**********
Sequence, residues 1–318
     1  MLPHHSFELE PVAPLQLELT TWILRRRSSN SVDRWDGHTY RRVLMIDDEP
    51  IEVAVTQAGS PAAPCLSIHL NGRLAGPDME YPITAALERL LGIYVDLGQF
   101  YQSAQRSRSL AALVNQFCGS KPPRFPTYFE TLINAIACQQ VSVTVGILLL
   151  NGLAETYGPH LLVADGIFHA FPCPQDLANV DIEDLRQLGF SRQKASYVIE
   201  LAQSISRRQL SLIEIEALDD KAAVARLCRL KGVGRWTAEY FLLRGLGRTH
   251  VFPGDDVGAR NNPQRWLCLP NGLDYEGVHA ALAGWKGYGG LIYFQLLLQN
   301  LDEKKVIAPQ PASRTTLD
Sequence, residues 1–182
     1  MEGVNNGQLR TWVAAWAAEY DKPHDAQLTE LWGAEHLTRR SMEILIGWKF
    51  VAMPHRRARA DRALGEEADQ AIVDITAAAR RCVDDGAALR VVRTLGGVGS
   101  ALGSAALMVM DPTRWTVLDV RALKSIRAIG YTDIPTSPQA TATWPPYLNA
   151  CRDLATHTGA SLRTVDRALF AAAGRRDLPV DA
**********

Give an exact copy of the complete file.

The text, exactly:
Sequence, residues 1–318
     1  MLPHHSFELE PVAPLQLELT TWILRRRSSN SVDRWDGHTY RRVLMIDDEP
    51  IEVAVTQAGS PAAPCLSIHL NGRLAGPDME YPITAALERL LGIYVDLGQF
   101  YQSAQRSRSL AALVNQFCGS KPPRFPTYFE TLINAIACQQ VSVTVGILLL
   151  NGLAETYGPH LLVADGIFHA FPCPQDLANV DIEDLRQLGF SRQKASYVIE
   201  LAQSISRRQL SLIEIEALDD KAAVARLCRL KGVGRWTAEY FLLRGLGRTH
   251  VFPGDDVGAR NNPQRWLCLP NGLDYEGVHA ALAGWKGYGG LIYFQLLLQN
   301  LDEKKVIAPQ PASRTTLD
Sequence, residues 1–182
     1  MEGVNNGQLR TWVAAWAAEY DKPHDAQLTE LWGAEHLTRR SMEILIGWKF
    51  VAMPHRRARA DRALGEEADQ AIVDITAAAR RCVDDGAALR VVRTLGGVGS
   101  ALGSAALMVM DPTRWTVLDV RALKSIRAIG YTDIPTSPQA TATWPPYLNA
   151  CRDLATHTGA SLRTVDRALF AAAGRRDLPV DA